- Complaints made directly to the Head of College will usually be referred to the relevant Form Tutor/Teacher or Before/After College Leader unless the Head of College/Principal deem it appropriate to deal with the matter personally.
- The Form Tutor or Teacher will make a written record of all concerns and complaints and the date on which they were received. Should the matter not be resolved within 14 days or in the event that the key member of staff and the parent fail to reach a satisfactory resolution, then parents will be advised to proceed with their complaint in accordance with Stage 2 of this Procedure.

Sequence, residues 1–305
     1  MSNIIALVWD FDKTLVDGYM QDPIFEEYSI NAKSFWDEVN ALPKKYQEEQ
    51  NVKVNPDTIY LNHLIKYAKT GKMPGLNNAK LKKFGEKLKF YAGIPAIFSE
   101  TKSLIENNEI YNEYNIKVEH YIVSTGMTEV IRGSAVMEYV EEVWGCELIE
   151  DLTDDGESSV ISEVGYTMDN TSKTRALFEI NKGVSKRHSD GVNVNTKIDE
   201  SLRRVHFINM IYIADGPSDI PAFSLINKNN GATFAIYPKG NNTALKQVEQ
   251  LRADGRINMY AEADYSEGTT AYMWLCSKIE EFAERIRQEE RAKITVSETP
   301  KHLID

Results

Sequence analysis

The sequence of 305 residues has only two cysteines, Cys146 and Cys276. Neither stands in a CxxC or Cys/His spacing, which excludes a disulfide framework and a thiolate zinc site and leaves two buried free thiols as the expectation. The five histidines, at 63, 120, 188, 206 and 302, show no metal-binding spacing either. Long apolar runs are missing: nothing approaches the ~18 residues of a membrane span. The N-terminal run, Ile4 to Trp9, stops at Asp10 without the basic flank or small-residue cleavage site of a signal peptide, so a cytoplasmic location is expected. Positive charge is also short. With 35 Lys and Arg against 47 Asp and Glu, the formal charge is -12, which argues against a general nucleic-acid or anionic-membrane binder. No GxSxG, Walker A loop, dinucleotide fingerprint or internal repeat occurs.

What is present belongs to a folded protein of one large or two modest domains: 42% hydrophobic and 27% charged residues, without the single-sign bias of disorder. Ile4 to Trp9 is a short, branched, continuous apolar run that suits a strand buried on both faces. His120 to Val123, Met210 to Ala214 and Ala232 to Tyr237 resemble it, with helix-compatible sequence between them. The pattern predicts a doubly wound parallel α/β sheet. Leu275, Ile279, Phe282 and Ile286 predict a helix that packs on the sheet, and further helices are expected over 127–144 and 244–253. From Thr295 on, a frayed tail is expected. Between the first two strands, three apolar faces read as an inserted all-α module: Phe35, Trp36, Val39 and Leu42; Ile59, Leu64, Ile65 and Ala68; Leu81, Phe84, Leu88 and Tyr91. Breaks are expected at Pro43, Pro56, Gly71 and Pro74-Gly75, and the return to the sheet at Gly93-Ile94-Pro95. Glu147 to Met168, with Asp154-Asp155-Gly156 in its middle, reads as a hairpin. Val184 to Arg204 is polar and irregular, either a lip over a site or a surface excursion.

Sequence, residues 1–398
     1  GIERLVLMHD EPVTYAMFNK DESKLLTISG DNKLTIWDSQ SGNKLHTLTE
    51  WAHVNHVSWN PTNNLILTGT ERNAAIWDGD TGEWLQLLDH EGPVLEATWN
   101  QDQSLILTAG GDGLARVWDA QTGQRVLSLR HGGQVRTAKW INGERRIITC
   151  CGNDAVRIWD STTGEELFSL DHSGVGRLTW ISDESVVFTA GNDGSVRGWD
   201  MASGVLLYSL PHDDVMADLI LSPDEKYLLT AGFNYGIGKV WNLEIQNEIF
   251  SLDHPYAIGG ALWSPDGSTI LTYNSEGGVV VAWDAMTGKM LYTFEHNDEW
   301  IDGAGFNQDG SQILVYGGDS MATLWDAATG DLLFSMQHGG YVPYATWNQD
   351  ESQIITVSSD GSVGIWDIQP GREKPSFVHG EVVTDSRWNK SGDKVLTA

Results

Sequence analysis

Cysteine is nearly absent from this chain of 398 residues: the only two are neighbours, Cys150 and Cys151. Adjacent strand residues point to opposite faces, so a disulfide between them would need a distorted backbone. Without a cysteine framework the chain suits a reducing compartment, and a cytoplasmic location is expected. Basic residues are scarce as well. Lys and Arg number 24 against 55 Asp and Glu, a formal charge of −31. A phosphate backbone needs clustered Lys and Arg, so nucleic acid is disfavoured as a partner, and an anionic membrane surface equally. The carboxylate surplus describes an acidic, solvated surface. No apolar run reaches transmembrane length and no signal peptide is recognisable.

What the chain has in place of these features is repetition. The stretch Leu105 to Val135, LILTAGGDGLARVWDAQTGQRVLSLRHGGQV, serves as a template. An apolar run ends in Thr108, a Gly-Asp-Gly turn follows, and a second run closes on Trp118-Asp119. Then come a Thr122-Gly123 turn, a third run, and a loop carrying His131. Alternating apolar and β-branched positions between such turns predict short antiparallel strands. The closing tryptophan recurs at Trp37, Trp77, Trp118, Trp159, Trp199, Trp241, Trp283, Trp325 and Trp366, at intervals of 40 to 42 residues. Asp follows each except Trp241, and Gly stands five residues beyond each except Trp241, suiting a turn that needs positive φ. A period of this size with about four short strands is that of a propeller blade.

Whilst we endeavour to resolve any complaint in the timescales indicated above, there may be cases, perhaps for reasons of holiday or illness, when a deviation from the normal timescale is necessary. In these circumstances the College commits to explain the reasons for any such deviation and, in all cases, to set an absolute time limit of 28 term-time working days to cover the period from the lodging of the complaint to its resolution.
Stage 2 – Formal Resolution
- If the complaint cannot be resolved on an informal basis, then the parents should put their complaint in writing to the Principal. The Principal will decide, after considering the complaint, the appropriate course of action to take and will decide who should deal with the complaint according to its circumstances.
- In most cases, the Principal and/or the member of staff leading the investigation will speak to and if necessary, meet with the parents concerned, within 14 days of receiving the complaint, to discuss the matter. If possible, a resolution will be reached at this stage.